The most innovative product launch involving CoQ10 in the past few years was from Kaneka Corp., which introduced the reduced form of CoQ10, ubiquinol, Holtby said. This form shows great promise for specific groups of people that are older and/or have oxidative stress from specific diseases or situations. Holtby added Soft Gel uses its crystal-free (CF) technology in CoQH-CF®, a soft gel capsule that contains Kaneka QH, to protect the CoQ10 from being oxidized and crystallized.

A Kaneka-supported mouse study found its reduced form of CoQ10 was better absorbed and had better effects on cholesterol metabolism than the oxidized form.23 And, a double blind, randomized, two-arm crossover study sponsored by Soft Gel Technologies Inc. found a 100-mg dose of CoQH-CF induced significantly higher (P<0.001) plasma concentrations at five, six, eight, 12, 24, 48 and 72 hours post-dose compared to a CoQ10 hard-shell capsule in 10 subjects older than 60.24 CoQH-CF supplementation resulted in a 430-percent higher plasma CoQ10 level after 72 hours compared to the oxidized CoQ10 (P<0.001).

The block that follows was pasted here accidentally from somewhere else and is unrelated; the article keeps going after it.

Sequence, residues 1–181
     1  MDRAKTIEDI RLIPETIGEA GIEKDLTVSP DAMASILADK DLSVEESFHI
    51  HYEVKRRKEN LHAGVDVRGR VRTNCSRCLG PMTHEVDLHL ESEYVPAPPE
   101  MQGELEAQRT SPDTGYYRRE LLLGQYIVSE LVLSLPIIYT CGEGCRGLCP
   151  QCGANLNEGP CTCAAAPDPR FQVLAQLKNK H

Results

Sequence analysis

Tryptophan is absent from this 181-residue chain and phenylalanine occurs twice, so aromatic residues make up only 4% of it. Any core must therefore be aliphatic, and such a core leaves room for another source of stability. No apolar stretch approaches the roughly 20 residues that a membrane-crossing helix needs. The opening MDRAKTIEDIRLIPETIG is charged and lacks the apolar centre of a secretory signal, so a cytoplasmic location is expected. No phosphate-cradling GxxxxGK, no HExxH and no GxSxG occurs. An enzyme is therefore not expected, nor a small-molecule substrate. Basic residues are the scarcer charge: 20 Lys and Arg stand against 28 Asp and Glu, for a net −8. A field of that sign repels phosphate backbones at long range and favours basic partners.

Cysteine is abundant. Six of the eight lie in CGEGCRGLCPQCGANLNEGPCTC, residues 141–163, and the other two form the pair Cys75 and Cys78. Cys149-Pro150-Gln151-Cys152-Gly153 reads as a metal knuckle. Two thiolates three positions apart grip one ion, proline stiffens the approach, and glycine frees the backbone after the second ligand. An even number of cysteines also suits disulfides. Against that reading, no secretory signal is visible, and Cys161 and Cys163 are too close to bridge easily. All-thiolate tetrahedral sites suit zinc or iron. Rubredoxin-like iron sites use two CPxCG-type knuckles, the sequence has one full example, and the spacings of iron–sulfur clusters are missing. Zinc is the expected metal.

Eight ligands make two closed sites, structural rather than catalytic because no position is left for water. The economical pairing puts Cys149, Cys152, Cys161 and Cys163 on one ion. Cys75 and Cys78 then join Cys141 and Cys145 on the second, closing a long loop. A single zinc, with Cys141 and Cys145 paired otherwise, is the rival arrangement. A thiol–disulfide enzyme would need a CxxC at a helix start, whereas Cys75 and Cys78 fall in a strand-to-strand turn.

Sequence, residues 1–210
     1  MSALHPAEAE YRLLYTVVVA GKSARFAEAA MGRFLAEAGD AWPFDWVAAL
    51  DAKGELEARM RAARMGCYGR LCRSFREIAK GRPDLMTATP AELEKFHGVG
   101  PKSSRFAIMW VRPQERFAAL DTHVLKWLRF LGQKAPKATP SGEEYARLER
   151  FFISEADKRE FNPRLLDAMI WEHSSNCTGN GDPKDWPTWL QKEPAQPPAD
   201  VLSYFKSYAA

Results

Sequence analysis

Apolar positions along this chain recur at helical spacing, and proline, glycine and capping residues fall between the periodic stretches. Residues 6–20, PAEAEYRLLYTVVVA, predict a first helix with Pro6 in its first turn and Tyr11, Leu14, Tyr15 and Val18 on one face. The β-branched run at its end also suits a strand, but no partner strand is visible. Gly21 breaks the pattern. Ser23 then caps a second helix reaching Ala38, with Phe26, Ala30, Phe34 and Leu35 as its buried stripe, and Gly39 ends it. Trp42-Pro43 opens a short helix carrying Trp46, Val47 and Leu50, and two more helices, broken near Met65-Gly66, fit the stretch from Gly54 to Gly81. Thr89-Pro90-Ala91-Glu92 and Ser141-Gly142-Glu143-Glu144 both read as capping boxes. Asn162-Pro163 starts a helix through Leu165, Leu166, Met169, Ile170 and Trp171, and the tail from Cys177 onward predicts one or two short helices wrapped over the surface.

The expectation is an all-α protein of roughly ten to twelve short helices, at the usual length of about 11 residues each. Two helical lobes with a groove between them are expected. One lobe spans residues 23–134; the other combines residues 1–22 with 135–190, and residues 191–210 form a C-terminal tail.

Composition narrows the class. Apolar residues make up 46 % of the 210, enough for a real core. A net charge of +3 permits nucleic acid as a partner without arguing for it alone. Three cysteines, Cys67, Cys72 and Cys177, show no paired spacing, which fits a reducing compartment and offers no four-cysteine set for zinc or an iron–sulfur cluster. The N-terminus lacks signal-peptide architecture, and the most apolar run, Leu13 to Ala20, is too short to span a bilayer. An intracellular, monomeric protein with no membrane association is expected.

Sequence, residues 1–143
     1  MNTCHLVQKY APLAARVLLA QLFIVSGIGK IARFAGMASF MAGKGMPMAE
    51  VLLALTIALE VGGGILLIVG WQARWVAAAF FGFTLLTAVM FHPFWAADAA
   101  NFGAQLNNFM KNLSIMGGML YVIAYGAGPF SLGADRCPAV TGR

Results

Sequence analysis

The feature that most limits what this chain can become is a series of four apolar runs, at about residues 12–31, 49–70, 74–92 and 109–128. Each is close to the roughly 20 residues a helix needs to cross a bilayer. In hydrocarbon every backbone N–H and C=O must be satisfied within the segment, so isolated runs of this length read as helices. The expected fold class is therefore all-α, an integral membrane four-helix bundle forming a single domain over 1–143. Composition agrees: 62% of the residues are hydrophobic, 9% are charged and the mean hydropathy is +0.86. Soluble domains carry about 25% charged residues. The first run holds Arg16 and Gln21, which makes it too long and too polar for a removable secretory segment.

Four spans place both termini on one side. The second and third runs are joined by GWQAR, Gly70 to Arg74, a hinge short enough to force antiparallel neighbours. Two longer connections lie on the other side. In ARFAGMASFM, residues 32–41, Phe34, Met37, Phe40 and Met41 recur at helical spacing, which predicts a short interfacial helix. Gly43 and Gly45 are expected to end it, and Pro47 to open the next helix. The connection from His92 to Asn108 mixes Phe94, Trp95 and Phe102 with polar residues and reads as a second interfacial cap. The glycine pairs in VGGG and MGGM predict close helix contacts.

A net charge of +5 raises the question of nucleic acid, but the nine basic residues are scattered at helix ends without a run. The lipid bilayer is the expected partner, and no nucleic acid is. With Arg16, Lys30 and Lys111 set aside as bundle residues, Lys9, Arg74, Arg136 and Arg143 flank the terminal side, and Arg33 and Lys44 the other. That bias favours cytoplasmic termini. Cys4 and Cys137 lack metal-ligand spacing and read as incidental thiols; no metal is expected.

An additional study using Tishcon Corp. products found ubiquinol, the reduced from, was better absorbed than the oxidized ubiquinone.25

Market and Formulation Opportunities

Perhaps these studies are persuading consumers. According to Jamul, Right now there is a huge upswing in ubiquinol sales over the last year. The education is finally getting out there, and we are really seeing a turning point in consumers choosing ubiquinol over CoQ10.

Or, perhaps sales are up because most products on the market are true to their label claims and are thus truly benefiting consumers. In March 2011, ConsumerLab.com reported all 31 products it tested that contained CoQ10 or ubiquinol met label claims for active ingredients. However, the organization stated labels on a few products did contain health claims that appeared to be in violation of federal regulations. ConsumerLab also reported a wide range in suggested daily serving size (from 22 mg to 400 mg) and in pricing; to obtain 100 mg of CoQ10, prices ranged from $0.11 to more than $3.